Uni Watch's Friday Flashback: Nets' uniform aesthetic all over the place

What's a Swamp Dragon? (3:26)

Uni Watch's Paul Lukas discusses how the then-New Jersey Nets almost became the New Jersey Swamp Dragons. (3:26)

One of the great uni-related stories of recent years came earlier this month from ESPN.com's Zach Lowe, who revealed the previously untold tale of how the New Jersey Nets almost renamed themselves the New Jersey Swamp Dragons in the 1990s. The rebranding would have included a full-scale makeover, including some suitably garish uniforms.

Although that never came to pass, it serves as a good excuse to examine the Nets' uniform history, which has included some memorable designs -- though some of them were memorable for all the wrong reasons.

What did the first Nets uniform look like? That's a tricky question because the franchise was founded in 1967 as the New Jersey Americans. The team played one season under that name in the old ABA and wore a uniform that looked perfectly fine for its era:

The franchise then moved to Long Island and became the New York Nets (a name chosen in part to rhyme with "Mets" and "Jets," creating a New York homonymic trio). The team's first generation of uniforms under its new moniker featured a rather awkward-looking script across the chest:

Fortunately, that design didn't last. The Nets replaced it with their greatest, most iconic uniform: a star-spangled design that turned out to be one of the most enduring looks in basketball history. This uniform is most often associated with the team's Dr. J era in the 1970s, but it was worn for much longer. When the Nets joined the NBA and moved to New Jersey in 1977, they took this uniform with them. It was worn, with minor variations, from 1972 through 1982, then again from 1984 through 1990, and it even appeared as a throwback in the 2003 NBA Finals.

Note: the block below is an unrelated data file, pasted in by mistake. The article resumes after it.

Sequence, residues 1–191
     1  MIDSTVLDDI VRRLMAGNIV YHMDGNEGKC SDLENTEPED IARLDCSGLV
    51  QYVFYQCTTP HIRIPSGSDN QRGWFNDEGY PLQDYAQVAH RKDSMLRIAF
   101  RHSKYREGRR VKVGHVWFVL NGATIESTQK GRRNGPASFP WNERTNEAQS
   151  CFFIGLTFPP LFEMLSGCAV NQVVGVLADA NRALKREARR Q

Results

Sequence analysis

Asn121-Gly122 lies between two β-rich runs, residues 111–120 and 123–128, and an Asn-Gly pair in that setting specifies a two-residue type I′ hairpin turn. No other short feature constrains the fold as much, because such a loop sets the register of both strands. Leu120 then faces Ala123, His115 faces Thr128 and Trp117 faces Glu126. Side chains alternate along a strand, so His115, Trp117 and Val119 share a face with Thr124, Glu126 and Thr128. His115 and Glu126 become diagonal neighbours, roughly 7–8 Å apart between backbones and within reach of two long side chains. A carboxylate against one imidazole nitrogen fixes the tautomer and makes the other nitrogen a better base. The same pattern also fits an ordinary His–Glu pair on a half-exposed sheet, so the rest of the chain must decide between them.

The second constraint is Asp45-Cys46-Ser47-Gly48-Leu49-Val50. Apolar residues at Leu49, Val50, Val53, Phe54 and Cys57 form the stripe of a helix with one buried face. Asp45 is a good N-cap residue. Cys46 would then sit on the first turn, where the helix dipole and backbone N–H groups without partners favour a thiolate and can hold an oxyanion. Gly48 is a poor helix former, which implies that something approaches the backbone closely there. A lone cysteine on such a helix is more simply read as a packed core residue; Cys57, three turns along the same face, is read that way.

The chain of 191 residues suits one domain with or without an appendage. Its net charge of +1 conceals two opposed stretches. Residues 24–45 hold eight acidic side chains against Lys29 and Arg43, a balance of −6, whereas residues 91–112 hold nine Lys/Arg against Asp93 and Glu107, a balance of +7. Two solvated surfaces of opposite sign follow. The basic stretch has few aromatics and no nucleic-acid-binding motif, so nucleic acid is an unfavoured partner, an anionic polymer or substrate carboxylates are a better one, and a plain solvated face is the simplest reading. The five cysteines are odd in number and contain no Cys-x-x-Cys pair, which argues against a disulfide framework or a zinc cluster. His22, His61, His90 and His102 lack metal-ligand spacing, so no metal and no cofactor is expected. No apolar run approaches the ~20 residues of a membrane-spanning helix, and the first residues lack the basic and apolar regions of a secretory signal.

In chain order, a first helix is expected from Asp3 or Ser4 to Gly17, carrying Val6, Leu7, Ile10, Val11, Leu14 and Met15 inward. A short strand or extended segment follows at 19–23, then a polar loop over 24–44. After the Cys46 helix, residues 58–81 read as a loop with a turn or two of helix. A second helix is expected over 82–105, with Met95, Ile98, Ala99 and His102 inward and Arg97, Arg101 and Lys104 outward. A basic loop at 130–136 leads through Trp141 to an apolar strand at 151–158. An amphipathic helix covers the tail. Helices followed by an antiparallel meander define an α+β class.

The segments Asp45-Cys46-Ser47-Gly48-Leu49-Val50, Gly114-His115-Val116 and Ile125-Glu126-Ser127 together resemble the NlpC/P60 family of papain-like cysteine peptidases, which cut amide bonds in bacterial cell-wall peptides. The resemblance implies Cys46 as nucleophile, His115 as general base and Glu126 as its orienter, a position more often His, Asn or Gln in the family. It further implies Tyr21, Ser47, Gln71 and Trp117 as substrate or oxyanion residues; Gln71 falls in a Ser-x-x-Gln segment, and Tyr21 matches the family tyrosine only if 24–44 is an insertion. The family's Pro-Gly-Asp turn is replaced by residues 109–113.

If the star-spangled design was the Nets' aesthetic high-water mark, there have also been plenty of lowlights along the way. In the early 1980s, for example, the team revived the clumsy-looking "Nets" script from their earliest days on Long Island and paired it with a "New Jersey" road script that didn't look much better. The new design lasted only two seasons.

The nadir came in the 1990-91 season, when the team came up with an utterly characterless chest logo and then, in a move that has gone down in NBA history, rolled out an odd-looking road uniform that instantly became known as "the tie-dye design."

With a quarter-century's worth of hindsight, the tie-dye look doesn't seem so awful (especially compared to what some NBA teams were doing in the 1990s) and might even be fun to revive as a throwback. At the time, though, it seemed to capture everything wrong with the franchise.

The tie-dye design was replaced with a more conventional blue road uniform after one season. That uni, along with the corresponding white home version, was worn through 1997. It was during this period that the Nets seriously considered changing their name to the Swamp Dragons. Given how uninspired the team's look was at the time, it's not hard to see why some folks thought a drastic identity overhaul was needed.

One odd phenomenon seen throughout the uni-verse is that teams whose color schemes include blue and red often can't decide which is the dominant color (think Texas Rangers and Cleveland Indians, among others). The Nets fell prey to that trope with their next uni set, which debuted in 1997. It initially featured a blue road uniform, but a red alternate was added in 2006, and three years later, that was redesignated the team's primary road uniform.

That brings us to the team's current set. With its minimalist design and black-white color scheme, it's a stark departure from the franchise's visual history (though there's an alternate uni that provides a shout-out to the old, star-spangled look). Then again, as we've just seen, the Nets' visual history hasn't been strong on consistent themes.

If they had changed their name to the Swamp Dragons, it would've been just one more new direction for a franchise that, for better or worse, has never been content to stay the course.

Would you like to nominate a uniform to be showcased in a future Friday Flashback installment? Send your suggestions here.

Paul Lukas grew up on Long Island, where he got to watch the Dr. J-era Nets in the 1970s. If you liked this column, you'll probably like his Uni Watch Blog, plus you can follow him on Twitter and Facebook. Want to learn about his Uni Watch Membership Program, be added to his mailing list, so you'll always know when a new column has been posted, or just ask him a question? Contact him here.